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JAMA Neurol. 2014 Oct;71(10):1228-36. doi: 10.1001/jamaneurol.2014.2011.

Effects of the absence of apolipoprotein e on lipoproteins, neurocognitive function, and retinal function.

Author information

1
Cardiovascular Research Institute, University of California, San Francisco.
2
Gladstone Institute of Cardiovascular Disease, San Francisco, California.
3
College of Osteopathic Medicine, Touro University California, Vallejo.
4
Boston Heart Diagnostics, Framingham, Massachusetts.
5
Darin M. Camarena Health Centers, Madera, California.
6
Department of Neurology and Neurological Sciences, Stanford University School of Medicine, Stanford, California.
7
Department of Neurology and Neurological Sciences, Stanford University School of Medicine, Stanford, California7Center for Tissue Regeneration, Repair, and Restoration, VA Palo Alto Health Care System, Palo Alto, California.
8
Department of Ophthalmology, University of California, San Francisco.
9
Memory and Aging Center, University of California, San Francisco.

Abstract

IMPORTANCE:

The identification of a patient with a rare form of severe dysbetalipoproteinemia allowed the study of the consequences of total absence of apolipoprotein E (apoE).

OBJECTIVES:

To discover the molecular basis of this rare disorder and to determine the effects of complete absence of apoE on neurocognitive and visual function and on lipoprotein metabolism.

DESIGN, SETTING, AND PARTICIPANTS:

Whole-exome sequencing was performed on the patient's DNA. He underwent detailed neurological and visual function testing and lipoprotein analysis. Lipoprotein analysis was also performed in the Cardiovascular Research Institute, University of California, San Francisco, on blood samples from the proband's mother, wife, 2 daughters, and normolipidemic control participants.

MAIN OUTCOME MEASURES:

Whole-exome sequencing, lipoprotein analysis, and neurocognitive function.

RESULTS:

The patient was homozygous for an ablative APOE frameshift mutation (c.291del, p.E97fs). No other mutations likely to contribute to the phenotype were discovered, with the possible exception of two, in ABCC2 (p.I670T) and LIPC (p.G137R). Despite complete absence of apoE, he had normal vision, exhibited normal cognitive, neurological, and retinal function, had normal findings on brain magnetic resonance imaging, and had normal cerebrospinal fluid levels of β-amyloid and tau proteins. He had no significant symptoms of cardiovascular disease except a suggestion of myocardial ischemia on treadmill testing and mild atherosclerosis noted on carotid ultrasonography. He had exceptionally high cholesterol content (760 mg/dL; to convert to millimoles per liter, multiply by 0.0259) and a high cholesterol to triglycerides ratio (1.52) in very low-density lipoproteins with elevated levels of small-diameter high-density lipoproteins, including high levels of prebeta-1 high-density lipoprotein. Intermediate-density lipoproteins, low-density lipoproteins, and very low-density lipoproteins contained elevated apoA-I and apoA-IV levels. The patient's apoC-III and apoC-IV levels were decreased in very low-density lipoproteins. Electron microscopy revealed large lamellar particles having electron-opaque cores attached to electron-lucent zones in intermediate-density and low-density lipoproteins. Low-density lipoprotein particle diameters were distributed bimodally.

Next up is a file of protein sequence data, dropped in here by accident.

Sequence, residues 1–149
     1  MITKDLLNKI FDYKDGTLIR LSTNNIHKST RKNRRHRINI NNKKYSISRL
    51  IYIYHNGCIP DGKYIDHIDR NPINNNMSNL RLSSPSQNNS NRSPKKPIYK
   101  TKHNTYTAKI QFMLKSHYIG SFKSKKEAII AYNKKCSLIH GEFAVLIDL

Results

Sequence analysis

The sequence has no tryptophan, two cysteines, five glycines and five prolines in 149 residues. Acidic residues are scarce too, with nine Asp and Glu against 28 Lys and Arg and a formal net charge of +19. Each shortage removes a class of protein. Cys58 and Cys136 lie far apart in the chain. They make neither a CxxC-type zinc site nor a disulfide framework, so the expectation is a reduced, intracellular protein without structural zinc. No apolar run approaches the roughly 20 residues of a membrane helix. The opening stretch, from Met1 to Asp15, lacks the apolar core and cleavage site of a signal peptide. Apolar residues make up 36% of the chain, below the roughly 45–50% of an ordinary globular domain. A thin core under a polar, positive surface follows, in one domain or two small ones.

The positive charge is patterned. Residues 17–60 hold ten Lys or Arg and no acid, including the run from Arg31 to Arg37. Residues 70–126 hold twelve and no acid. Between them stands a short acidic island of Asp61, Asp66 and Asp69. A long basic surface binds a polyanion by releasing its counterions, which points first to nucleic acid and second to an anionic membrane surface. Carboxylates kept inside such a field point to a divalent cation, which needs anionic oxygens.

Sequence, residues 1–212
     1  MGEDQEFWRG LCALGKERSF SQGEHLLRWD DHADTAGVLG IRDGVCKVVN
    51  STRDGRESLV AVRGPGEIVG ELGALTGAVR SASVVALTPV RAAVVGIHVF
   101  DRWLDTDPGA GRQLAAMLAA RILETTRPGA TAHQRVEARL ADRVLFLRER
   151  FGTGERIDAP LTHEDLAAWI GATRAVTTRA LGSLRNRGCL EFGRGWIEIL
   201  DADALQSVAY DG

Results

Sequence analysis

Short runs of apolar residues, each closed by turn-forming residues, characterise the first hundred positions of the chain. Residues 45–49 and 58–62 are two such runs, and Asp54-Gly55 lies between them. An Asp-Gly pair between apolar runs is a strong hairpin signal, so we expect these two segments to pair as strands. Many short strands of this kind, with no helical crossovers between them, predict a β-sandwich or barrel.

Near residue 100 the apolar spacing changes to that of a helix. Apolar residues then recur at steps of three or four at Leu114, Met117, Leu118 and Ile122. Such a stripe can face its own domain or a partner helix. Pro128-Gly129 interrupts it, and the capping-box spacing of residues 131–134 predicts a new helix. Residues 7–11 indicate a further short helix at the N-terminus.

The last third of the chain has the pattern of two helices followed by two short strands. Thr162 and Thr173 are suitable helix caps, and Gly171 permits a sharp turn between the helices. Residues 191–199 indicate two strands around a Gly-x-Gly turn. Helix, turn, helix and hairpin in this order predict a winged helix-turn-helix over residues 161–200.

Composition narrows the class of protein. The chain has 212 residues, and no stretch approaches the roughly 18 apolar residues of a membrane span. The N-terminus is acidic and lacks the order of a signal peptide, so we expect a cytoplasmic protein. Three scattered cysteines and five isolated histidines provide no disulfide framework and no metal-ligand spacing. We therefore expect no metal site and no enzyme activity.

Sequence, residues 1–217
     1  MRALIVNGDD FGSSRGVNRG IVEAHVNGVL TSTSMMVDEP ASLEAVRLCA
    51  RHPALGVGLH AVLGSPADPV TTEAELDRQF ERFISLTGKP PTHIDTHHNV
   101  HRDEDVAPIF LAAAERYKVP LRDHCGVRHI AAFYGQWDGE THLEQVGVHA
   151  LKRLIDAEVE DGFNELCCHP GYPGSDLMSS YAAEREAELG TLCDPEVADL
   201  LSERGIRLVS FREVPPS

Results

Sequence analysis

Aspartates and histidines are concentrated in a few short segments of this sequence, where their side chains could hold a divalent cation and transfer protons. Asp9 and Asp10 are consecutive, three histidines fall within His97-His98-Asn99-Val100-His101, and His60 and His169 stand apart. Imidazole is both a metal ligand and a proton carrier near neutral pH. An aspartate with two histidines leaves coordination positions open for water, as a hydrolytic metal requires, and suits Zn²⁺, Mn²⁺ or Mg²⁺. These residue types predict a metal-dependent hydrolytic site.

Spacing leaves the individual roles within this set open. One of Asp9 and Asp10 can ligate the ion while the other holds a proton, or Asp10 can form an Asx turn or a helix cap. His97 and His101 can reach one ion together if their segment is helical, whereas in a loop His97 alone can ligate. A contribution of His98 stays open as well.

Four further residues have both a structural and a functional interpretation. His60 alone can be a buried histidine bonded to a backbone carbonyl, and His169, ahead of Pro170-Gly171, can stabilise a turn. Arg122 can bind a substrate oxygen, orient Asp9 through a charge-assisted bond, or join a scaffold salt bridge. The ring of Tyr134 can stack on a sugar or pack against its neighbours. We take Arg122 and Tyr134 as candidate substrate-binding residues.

CONCLUSIONS AND RELEVANCE:

Despite a profound effect on lipoprotein metabolism, detailed neurocognitive and retinal studies failed to demonstrate any defects. This suggests that functions of apoE in the brain and eye are not essential or that redundant mechanisms exist whereby its role can be fulfilled. Targeted knockdown of apoE in the central nervous system might be a therapeutic modality in neurodegenerative disorders.

PMID:
25111166
PMCID:
PMC4714860
DOI:
10.1001/jamaneurol.2014.2011
[Indexed for MEDLINE]
Free PMC Article

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